By the federal government’s last report, there are an estimated 540–660 grizzly bears living in Yellowstone National Park and the national forests that surround it. About 40 percent of the area in this ecosystem now inhabited by the great bears is unprotected from logging, roading, and oil and gas development. Human development is hemming the bears in and they’re having a harder time making a living. Historically, in years when whitebark pine failed to produce large crops of seed-bearing cones, Yellowstone grizzly bears produced fewer cub litters and fewer cubs per litter. Now, with the thousands and thousands of acres of dead whitebark pine trees, every year will be a bad cone year for bears. It’s clear grizzly bears will need help over the long term to survive. The court’s recent ruling keeping ESA protections in place is the right solution at this time.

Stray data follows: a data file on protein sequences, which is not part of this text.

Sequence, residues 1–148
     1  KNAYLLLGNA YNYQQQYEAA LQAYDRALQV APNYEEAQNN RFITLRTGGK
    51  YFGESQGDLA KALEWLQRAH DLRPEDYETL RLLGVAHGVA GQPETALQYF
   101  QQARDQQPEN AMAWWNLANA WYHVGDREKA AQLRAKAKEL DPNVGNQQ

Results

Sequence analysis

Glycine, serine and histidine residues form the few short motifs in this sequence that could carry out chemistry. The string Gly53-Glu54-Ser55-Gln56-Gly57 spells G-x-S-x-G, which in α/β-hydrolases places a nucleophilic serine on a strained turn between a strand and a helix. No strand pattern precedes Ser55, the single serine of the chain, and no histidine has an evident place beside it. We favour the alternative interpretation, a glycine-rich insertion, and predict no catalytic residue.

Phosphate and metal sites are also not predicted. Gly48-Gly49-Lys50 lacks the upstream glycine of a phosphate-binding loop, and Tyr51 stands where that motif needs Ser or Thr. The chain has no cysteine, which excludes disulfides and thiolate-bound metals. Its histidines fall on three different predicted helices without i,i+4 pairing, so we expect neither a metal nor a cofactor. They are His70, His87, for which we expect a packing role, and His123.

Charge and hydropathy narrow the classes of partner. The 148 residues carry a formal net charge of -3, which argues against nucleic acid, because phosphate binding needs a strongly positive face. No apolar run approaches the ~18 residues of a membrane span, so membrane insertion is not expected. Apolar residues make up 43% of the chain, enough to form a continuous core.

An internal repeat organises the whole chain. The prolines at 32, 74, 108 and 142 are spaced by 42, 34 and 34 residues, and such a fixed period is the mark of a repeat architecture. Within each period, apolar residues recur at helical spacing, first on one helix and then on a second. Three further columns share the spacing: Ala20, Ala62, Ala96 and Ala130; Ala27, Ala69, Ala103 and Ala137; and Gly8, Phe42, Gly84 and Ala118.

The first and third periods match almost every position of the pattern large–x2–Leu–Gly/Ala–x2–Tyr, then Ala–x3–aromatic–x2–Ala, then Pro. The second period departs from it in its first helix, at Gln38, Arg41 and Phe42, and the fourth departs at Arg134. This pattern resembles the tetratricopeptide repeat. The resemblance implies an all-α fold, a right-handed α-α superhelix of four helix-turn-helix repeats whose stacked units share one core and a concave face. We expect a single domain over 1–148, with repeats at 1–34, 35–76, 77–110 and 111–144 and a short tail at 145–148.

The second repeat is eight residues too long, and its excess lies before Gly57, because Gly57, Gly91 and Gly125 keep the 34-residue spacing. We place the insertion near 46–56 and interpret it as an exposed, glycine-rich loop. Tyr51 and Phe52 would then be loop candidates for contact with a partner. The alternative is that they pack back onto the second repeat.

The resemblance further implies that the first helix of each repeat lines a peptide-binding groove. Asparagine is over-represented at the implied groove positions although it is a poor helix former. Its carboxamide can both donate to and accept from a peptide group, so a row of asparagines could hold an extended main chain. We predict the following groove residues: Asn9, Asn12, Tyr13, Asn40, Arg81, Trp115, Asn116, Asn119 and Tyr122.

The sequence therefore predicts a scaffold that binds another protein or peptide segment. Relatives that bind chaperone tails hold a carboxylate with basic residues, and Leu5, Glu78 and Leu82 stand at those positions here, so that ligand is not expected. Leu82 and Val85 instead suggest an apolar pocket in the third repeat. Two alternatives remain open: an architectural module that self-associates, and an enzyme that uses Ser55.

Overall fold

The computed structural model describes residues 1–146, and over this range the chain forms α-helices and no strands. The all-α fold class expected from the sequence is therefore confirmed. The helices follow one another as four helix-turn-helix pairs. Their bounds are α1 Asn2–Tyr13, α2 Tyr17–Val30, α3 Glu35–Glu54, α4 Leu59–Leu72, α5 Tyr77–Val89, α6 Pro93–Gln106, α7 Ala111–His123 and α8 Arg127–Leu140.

Yellowstone grizzly bears warrant protection under the Endangered Species Act. So says the federal 9th Circuit Court of Appeals which recently upheld a lower-court ruling that rejected a federal government effort to strip the bears of their protections.
When the government “delisted” the bears in 2007, which stripped them of protections under the Endangered Species Act, Earthjustice attorneys went to court to get the protections reinstated. The federal government failed to explain how grizzlies are supposed to make a living now that one of their key foods, whitebark pine seeds, are disappearing. The seeds are disappearing because the trees that produce them are being killed by beetles which are ravaging the high alpine habitat where the trees grow. The beetles are surviving what used to be harsh winters due to global warming.